Naming – or renaming – an airport after a celebrity with a local connection isn’t unheard of in the United States.

In Santa Rosa, CA, for example, passengers land and take-off from the Charles M. Schulz -Sonoma County Airport. In Louisiana, the major airport is the Louis Armstrong New Orleans International Airport. John Wayne Airport serves Orange County, CA and the Will Rogers World Airport provides air service to Oklahoma City, OK.

 

Oklahoma City Airport

And while it has recently been rebranded as Hollywood Burbank Airport, the official name of the airfield about 12 miles north of downtown Los Angeles is still legally Bob Hope Airport.

 

Fresh art at John Wayne Airport

WAYNE_WonderSlimbyGeorgeJames

Wonder Slim by George James, courtesy Fullerton College

The new art exhibit at John Wayne Airport in Santa Ana, California shares some ‘hidden treasures’ plucked from the art collections of five Orange County colleges and universities and is on display through August 2015 in the Vi Smith Gallery across from Gates 18-21.

Twentysix Gasoline Stations by Ed Ruscha - art book. Courtesy University of California, Irvine

Twentysix Gasoline Stations by Ed Ruscha – art book. Courtesy University of California, Irvine

The airport’s art program presents intriguing, museum-quality exhibits on a regular basis. Also on exhibit now (through April 2015) are whimsical paintings by Costa Mesa artist Cheryl Bookout –

The Fish in her Party Dress - Cheryl Bookout

The Fish in her Party Dress – Cheryl Bookout

And – always there: Flight of Ideas. This wonderful, large scale three-dimensional sculpture above the baggage carousels in Terminal C is made up of 21 aluminum birds with wing spans up to 14 feet by Beth Nyback. Look closely next time you’re there: the wings of the birds display enlarged portions of multi-colored aeronautical charts.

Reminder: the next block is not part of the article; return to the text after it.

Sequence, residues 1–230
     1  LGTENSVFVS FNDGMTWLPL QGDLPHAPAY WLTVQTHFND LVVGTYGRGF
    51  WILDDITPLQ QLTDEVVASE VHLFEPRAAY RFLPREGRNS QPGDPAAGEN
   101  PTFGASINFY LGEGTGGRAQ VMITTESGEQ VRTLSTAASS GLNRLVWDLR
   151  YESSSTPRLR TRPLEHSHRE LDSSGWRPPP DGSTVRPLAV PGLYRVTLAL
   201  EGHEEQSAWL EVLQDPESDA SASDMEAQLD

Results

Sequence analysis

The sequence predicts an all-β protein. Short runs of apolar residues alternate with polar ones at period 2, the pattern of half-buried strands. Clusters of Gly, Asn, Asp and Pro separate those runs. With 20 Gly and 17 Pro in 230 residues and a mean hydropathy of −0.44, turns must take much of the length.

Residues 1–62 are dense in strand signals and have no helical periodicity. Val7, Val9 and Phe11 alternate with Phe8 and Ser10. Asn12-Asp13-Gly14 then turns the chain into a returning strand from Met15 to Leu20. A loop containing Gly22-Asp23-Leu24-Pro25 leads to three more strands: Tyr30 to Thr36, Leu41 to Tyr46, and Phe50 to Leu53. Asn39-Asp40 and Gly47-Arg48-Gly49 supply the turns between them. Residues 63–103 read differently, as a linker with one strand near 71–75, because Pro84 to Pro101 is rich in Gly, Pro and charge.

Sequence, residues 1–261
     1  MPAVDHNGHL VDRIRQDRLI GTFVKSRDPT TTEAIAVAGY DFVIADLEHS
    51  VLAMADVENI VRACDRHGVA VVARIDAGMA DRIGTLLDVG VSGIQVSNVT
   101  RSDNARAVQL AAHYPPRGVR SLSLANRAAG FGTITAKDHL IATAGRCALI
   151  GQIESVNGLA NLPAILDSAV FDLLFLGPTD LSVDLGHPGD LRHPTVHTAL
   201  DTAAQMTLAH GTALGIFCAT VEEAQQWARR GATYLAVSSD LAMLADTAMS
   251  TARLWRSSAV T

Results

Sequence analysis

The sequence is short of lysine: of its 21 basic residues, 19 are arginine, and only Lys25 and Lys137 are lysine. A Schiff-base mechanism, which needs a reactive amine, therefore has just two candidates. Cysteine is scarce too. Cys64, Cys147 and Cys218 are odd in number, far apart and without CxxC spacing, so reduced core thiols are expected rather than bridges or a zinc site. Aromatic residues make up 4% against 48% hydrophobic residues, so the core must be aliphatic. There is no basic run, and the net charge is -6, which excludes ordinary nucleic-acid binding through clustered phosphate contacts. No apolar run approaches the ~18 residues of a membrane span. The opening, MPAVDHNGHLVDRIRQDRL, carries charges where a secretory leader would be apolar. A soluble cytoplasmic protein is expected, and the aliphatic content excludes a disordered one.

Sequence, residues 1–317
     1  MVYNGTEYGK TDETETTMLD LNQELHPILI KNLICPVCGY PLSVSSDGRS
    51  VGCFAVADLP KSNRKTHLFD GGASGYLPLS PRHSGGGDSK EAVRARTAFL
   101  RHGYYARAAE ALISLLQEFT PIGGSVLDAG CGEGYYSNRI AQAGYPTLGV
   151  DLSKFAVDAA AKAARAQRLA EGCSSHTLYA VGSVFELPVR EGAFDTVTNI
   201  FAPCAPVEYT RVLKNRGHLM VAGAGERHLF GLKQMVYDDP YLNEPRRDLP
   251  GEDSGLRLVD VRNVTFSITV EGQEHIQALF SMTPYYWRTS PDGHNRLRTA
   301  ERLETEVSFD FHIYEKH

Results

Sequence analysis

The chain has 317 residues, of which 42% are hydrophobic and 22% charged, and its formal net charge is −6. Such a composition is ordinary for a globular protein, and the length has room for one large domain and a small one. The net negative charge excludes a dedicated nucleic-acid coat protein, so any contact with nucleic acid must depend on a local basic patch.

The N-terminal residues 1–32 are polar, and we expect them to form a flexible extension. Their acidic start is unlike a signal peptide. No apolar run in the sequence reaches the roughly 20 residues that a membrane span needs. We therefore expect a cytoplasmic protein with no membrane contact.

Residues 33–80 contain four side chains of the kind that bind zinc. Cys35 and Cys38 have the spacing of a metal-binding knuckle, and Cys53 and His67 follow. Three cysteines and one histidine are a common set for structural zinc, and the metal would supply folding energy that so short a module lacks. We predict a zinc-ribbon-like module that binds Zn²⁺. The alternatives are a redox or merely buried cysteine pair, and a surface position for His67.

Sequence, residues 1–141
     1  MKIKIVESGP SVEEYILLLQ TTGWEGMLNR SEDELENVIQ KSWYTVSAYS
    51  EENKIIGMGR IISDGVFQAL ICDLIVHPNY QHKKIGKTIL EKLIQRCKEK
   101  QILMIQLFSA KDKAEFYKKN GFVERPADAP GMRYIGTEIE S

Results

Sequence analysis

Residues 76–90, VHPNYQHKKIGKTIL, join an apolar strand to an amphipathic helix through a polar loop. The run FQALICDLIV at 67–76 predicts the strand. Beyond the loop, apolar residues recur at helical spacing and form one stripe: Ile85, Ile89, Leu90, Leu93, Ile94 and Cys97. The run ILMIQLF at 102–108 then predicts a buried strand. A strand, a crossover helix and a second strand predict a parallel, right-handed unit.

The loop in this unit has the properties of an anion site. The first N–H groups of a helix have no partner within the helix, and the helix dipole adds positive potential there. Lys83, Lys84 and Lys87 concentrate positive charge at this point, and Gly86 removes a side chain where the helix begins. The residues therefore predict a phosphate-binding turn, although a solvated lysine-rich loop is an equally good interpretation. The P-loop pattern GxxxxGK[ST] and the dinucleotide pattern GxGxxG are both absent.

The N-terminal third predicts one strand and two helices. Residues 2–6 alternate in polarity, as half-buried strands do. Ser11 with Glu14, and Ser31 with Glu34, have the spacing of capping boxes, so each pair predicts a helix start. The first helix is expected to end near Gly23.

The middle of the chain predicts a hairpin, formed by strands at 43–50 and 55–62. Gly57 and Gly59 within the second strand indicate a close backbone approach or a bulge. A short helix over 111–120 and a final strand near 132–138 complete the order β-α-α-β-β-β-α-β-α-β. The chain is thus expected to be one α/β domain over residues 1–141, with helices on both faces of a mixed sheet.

Flight-of-Ideas

Paintings of currency & postage stamps at John Wayne Airport

75 paintings of currency and postage stamps by pop artist Robert Dowd (1936-1995), on loan from a private collector, are on display through mid-January 2013 at John Wayne Airport in Orange County, California.

You can see more images from the exhibit here.

From the airport notes about the exhibit:

Dowd became interested in art in 1957 when he was stationed at Camp Pendleton and came to Laguna Beach on liberty, encountering the artwork and paintings on view at the Laguna Beach art museum leaving him with an overwhelming desire to paint.

Tune in with antique radios at John Wayne Airport

As a radio producer, collector and fan of airports, here’s an exhibit that resonates with me completely:

A collection of antique and classic radios are currently on display at John Wayne Airport in Orange County, California.

Look for these classics in the Vi Smith Concourse Gallery of Terminal A across from Gates 2 through 5 and in Terminal C across from Gates 18 through 21. They will be there till July 16, 2012.

The exhibition, titled Sound Design, features 86 radios from the 1930s, 40s and 50s, all on loan to the airport from the collection of Mark and Janet Hilbert.

Sonora Model No. 356